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Intel’s decision to get out of memory chips and focus on microprocessors in the 1980s is still paying off. Fueled by strong sales in its core PC chips business, Intel reached its highest overall chip industry market share in more than 10 years, according to market analyst IHS iSuppli.
Intel in 2011 increased its market share in the $300 billion semiconductor chip market to 15.6 percent, up 2.5 percentage points from 13.1 percent in 2010. This represents the highest market share for Intel since 2001, when it reached 14.9 percent. Over the last five years, Intel’s share of the market ranged from 11.9 to 13.9 percent.
“Intel in 2011 captured the headlines with its major surge in growth,” said Dale Ford, head of electronics and semiconductor research for IHS. “The company’s rise was spurred by soaring demand for its PC-oriented microprocessors, and for its NAND flash memory used in consumer and wireless products.”
(Intel sold the flash through a joint venture with Micron). Intel’s market share was also boosted by its acquisition of Infineon’s wireless chips business. That helped it stave off No. 2-ranked Samsung Electronics, which had a market share of 9.2 percent, unchanged from 2010.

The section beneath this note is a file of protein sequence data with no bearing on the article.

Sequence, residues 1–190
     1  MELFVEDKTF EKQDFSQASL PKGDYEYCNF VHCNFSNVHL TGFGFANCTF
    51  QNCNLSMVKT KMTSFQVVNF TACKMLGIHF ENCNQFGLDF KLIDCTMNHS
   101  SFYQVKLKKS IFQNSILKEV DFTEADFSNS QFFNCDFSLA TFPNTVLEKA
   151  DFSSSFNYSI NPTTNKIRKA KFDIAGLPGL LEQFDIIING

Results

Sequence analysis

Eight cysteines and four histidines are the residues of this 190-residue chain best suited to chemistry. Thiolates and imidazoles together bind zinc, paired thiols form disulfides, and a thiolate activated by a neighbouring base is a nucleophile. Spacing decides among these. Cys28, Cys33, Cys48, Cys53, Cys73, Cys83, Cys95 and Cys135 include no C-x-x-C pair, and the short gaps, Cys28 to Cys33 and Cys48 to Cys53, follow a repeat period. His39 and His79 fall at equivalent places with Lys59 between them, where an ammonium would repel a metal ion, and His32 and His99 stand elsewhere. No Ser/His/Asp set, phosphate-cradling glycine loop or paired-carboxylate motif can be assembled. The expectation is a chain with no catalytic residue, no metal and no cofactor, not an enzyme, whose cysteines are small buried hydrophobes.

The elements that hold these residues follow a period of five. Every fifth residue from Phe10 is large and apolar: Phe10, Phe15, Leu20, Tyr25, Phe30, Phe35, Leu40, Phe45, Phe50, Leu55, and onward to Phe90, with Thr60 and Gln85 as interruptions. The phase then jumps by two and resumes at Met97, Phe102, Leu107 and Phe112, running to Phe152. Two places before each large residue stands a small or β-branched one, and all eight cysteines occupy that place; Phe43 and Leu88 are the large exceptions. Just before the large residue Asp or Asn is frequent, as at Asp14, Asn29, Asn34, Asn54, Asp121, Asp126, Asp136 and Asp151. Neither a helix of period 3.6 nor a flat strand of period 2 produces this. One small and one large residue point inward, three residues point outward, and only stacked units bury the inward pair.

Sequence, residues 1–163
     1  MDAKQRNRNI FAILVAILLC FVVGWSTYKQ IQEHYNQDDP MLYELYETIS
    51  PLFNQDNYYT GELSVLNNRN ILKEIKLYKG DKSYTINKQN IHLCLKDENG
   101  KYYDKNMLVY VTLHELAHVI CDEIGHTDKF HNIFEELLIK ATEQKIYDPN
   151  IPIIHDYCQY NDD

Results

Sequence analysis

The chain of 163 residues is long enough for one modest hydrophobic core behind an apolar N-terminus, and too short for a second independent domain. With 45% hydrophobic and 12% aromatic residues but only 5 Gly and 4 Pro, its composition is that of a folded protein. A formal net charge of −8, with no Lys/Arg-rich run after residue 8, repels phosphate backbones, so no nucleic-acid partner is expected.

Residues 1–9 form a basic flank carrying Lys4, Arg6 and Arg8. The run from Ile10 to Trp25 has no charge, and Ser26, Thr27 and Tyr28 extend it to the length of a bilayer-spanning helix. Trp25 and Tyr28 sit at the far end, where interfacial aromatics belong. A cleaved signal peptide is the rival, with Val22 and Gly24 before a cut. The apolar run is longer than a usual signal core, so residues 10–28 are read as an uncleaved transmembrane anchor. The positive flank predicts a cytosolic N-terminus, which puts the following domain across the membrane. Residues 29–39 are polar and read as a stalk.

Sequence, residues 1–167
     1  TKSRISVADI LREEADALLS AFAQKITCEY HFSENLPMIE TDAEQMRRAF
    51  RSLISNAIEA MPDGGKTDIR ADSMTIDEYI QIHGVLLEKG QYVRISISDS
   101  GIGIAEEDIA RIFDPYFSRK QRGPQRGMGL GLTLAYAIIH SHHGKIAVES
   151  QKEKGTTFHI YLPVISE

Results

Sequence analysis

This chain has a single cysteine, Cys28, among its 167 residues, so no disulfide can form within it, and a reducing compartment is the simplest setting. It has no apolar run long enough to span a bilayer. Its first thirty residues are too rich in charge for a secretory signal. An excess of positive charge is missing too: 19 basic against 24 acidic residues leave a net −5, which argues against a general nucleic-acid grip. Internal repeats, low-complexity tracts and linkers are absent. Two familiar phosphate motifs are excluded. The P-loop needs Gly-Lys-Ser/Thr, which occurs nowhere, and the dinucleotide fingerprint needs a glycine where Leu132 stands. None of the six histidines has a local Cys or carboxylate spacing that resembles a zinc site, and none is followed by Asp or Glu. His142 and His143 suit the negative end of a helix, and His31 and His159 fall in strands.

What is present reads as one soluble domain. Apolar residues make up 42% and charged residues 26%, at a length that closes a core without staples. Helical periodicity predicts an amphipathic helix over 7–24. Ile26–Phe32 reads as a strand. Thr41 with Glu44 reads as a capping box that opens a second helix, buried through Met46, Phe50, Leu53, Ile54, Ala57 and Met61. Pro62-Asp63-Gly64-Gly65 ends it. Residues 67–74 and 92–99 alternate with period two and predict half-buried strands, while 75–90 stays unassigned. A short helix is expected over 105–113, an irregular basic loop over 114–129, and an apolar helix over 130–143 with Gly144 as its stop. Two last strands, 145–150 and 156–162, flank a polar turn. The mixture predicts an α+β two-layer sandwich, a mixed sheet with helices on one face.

Intel’s revenue jumped 20.6 percent in 2011, outpacing the growth rate of every other supplier in the top 20 except Qualcomm (which grew 41.6 percent) and ON Semiconductor. Intel’s previous market share was 13.1 percent in 2011. Another fast-growing chip maker was Nichia, a maker of light-emitting diodes, which grew 34.1 percent.
Overall market growth for chips was 1.3 percent in 2011. That was due to a weak 5.9 percent drop in the fourth quarter of 2011. Of 302 chip suppliers, about 52.6 percent grew sales in the year.
[Photo credit: Dean Takahashi; pictured is Intel CEO Paul Otellini]
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